The airline business is having their 1980’s dreams come true.

Back in the early and mid-1980’s the airline business was reeling from deregulation, fuel prices and emerging low cost competition. The world as it had been know in this industry was turned upside down by a Government who while hiding behind the benevolent stance of increasing competition and lowering prices for the consumer, was really playing Russian roulette with this country’s transportation system. It was never a mystery to me that many of these “consumer advocates” went on to become low cost airline entrepreneurs. It was kind of like creating your own game where you understood that no established player really would be capable of competing due to many of your previous actions. In my opinion, there should have been a bit of a grace period for airlines who had been pressured into purchasing equipment to help out ailing manufactures by the very same government. Some of these junk planes were the gas guzzlers that made profitability over the next 10 years virtually impossible.
There were other factors, of course, that proved to condemn some airlines from the very outset. Politically palatable CEO’s, like at Eastern Airlines (one of my Alma Mata’s) were not business savvy enough to run a small store, never mind a multinational transportation company. I witnessed, first hand our marketing reaction to our fresh and nimble, new competitors and it was like an elephant chasing a chicken, if we caught it we could kill it, but you weren’t ever going to catch it. Those of us doing the actual chasing were well aware of that fact but our politically savvy friends at the top thought consumer loyalty actually applied to air transportation in the pre-frequent traveler world. (Foolish men) “People love us and our service”, was my favorite quote from our CEO. What he didn’t realize was that they loved saving their own money more. We were clandestine to bleed from every spending orifice until alas, there was no more blood to give. Changing mindsets, labor agreements, chairs at the top were too little, too late and Eastern’s post mortem serves as a lesson in how not to run an airline in the deregulated world.
Many other carriers lived to fight on with the understanding that the world changed and they would need to evolve as well. Several of the issues we struggled with would finally be tackled, things like: frequency on unprofitable routes, travel agents’ commissions, labor cost and fuel efficient aircraft. The world kept turning and with frequent fuel cost spikes airlines have finally gotten the consumers attention by cutting, cutting, cutting service and forcing them into a position of competing with fellow consumers for precious few seats to many popular destinations. In 2013 load factor numbers are spiking to all-time highs, and that is the sweet spot for any carrier, less flights, and the same amount of passengers means higher fares, simple. If you combine this with all of their new fees and lack of new competition on most routes you have the very scenario we dreamed about back in 1985. Oh yeah, cutting travel agents was also a big part of that dream. We just didn’t have any way to deliver tickets directly back then so the invention of the “E” ticket and Internet booking took care of this quite nicely.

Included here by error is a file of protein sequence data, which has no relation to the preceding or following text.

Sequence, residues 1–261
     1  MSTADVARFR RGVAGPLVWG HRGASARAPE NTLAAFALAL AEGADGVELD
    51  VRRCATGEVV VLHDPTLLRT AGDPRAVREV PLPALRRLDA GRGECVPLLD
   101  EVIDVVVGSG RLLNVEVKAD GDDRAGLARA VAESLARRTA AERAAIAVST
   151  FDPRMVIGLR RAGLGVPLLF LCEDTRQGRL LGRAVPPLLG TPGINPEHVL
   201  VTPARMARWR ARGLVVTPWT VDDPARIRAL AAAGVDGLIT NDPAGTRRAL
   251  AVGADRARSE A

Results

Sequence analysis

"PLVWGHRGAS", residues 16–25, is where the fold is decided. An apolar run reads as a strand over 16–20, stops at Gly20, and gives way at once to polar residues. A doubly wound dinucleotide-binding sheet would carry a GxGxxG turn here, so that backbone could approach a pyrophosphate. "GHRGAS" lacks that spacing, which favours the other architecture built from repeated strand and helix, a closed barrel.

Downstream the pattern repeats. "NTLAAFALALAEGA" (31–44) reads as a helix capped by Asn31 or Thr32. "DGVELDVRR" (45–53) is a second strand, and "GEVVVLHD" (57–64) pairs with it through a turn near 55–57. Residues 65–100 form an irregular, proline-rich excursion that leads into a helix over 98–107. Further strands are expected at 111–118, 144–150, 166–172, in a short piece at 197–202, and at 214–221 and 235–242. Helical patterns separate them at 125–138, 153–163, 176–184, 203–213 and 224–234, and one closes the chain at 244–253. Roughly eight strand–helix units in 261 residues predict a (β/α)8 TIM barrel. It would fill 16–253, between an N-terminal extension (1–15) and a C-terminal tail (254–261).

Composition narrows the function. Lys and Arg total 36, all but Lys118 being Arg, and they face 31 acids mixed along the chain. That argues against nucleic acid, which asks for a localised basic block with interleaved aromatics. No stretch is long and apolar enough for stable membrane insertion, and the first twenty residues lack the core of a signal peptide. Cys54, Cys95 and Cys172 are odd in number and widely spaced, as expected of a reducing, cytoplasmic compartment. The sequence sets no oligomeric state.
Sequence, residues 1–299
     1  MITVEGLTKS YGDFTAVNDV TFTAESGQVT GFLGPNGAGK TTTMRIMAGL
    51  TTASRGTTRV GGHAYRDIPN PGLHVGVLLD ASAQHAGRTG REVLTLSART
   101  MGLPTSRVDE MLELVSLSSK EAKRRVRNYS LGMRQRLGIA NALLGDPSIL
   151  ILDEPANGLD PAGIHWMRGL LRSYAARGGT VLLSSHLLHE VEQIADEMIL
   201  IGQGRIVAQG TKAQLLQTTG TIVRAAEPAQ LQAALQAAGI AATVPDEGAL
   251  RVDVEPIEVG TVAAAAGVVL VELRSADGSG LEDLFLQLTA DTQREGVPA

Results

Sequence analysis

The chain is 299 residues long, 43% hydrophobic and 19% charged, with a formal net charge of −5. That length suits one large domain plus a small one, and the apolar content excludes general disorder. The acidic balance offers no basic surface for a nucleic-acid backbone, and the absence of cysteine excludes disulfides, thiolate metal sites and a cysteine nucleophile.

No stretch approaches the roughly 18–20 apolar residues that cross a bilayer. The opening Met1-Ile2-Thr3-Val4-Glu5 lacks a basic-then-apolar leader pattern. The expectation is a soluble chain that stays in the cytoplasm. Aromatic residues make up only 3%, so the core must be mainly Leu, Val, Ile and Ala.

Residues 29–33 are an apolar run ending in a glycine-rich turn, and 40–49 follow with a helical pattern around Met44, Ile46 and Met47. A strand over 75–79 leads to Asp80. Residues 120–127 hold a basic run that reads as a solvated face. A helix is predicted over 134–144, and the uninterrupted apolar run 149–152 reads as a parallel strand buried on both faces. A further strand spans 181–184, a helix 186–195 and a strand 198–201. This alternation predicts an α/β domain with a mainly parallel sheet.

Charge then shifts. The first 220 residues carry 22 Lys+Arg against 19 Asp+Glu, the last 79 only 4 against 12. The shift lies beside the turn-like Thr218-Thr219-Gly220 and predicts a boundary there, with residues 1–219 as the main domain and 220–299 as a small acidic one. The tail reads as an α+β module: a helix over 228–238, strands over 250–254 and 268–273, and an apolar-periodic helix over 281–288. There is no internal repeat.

So for everyone that supported deregulation you now see what you have created, an industry that finally is controlling their own skies, with no one to rein them in. They can maneuver you to book how they want, when they want, and provide you no more than a high altitude bus ride, for which you will pay much more than you did just a few years ago. Oh yeah, checking that bag, eating that snack, having a drink, that is all going to cost you as well. All this while the employees you count on to clean and maintain your aircraft are paid thousands less per year than in 1985.
Less flights, less service, more travelers, lower costs, no commissions and a free an unencumbered ability to do whatever you like, ah dreams do come true after all…..


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